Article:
During the past three months, CCF has made significant progress on cheetah population estimates using camera-trapping methodology. After finishing a camera-trapping survey 200 km south in the Sandveld Conservancy, CCF's ecologists, Fabiano, and Chris started another three-month survey around the Waterberg Conservancy.
In June, we hosted a Bayesian Networks Workshop (at right) for our Namibia cheetah group. The workshop was facilitated by Prof. Kerrie Mengersen and Ph.D. Candidate Sandra Johnson, from Queensland University of Technology's School of Mathematical Sciences in Australia. The collective team from CCF, the Namibian Ministry of Environment, and International Zoological Research of Berlin worked for three days developing a model that best defined the factors that influence the cheetah population growth and decline in Namibia. Group Photo
The first weekend of August brought together more than 80 volunteers to conduct our annual Waterberg Conservancy 12-hour waterhole count. CCF alone had 22 waterholes, where volunteers were stationed to count whatever wildlife appeared during the 12-hour period. Assisting with the count for the third year were Earth Expedition teachers from Miami University along with our Earthwatch volunteers, CCF local and international interns, and Peace Corps volunteers.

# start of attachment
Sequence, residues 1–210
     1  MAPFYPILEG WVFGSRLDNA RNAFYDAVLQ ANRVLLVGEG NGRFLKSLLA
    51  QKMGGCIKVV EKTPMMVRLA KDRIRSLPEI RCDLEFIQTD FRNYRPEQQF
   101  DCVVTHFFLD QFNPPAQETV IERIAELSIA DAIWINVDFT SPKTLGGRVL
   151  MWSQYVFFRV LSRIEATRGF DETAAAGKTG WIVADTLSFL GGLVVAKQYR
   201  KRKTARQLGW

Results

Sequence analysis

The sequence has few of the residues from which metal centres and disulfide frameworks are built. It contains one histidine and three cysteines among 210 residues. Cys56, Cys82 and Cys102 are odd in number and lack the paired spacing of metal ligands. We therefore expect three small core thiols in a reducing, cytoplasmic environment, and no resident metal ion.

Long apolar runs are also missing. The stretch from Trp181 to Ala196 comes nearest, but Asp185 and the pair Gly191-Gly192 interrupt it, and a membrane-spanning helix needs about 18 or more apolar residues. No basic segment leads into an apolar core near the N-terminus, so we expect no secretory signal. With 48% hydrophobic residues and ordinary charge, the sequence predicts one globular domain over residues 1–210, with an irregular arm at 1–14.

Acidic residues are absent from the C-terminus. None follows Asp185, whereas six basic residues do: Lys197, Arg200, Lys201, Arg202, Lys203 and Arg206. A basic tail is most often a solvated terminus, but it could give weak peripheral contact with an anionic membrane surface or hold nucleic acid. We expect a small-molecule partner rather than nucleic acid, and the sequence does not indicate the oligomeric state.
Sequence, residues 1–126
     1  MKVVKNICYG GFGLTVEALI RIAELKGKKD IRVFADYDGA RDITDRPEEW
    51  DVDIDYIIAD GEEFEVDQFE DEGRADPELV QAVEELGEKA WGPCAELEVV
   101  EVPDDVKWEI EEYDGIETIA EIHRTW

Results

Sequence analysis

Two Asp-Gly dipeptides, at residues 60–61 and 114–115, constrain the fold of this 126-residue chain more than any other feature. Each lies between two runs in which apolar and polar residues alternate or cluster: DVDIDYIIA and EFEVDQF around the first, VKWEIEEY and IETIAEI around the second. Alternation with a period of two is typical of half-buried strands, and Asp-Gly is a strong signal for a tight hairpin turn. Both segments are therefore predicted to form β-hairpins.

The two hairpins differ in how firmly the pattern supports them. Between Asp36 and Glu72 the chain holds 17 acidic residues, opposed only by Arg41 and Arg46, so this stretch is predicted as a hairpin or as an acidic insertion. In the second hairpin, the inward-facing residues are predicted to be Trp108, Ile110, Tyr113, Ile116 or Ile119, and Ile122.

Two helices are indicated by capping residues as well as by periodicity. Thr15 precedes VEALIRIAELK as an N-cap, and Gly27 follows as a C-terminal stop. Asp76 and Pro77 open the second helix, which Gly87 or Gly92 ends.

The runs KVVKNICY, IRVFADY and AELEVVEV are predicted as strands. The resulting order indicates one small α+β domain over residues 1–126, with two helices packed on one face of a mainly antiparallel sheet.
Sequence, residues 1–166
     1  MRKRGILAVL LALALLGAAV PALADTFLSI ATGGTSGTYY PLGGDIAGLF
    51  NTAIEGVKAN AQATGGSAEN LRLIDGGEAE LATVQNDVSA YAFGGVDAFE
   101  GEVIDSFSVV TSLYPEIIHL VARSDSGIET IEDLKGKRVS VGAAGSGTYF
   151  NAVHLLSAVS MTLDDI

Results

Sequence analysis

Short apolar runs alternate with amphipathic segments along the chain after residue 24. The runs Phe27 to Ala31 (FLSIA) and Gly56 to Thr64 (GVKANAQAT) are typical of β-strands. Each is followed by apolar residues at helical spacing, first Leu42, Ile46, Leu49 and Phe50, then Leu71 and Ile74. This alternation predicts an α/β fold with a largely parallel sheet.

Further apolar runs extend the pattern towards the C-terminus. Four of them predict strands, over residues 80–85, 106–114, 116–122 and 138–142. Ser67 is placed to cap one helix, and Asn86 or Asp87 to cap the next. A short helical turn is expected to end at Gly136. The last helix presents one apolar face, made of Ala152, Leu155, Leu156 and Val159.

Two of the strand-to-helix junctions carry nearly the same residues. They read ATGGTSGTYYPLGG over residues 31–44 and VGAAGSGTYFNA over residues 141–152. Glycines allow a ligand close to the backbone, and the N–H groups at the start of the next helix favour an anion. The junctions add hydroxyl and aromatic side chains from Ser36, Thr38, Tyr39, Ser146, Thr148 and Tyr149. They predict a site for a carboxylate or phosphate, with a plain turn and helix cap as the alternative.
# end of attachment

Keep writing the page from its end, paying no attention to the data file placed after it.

We are also very excited with the development of our new Applied Bioscience Conservation Genetics Laboratory and the arrival in May of post-doc Dr. Anne Schmidt-Küntzel from Dr. Steve O'Brien's genetics laboratory in the United States. The lab will be set up to process scat (faecal) samples for DNA extraction and analysis. Many thanks to Michael Helms for his help in making the conservation genetics lab a reality through his continued communications with Applied Biosystems Inc. ABI)!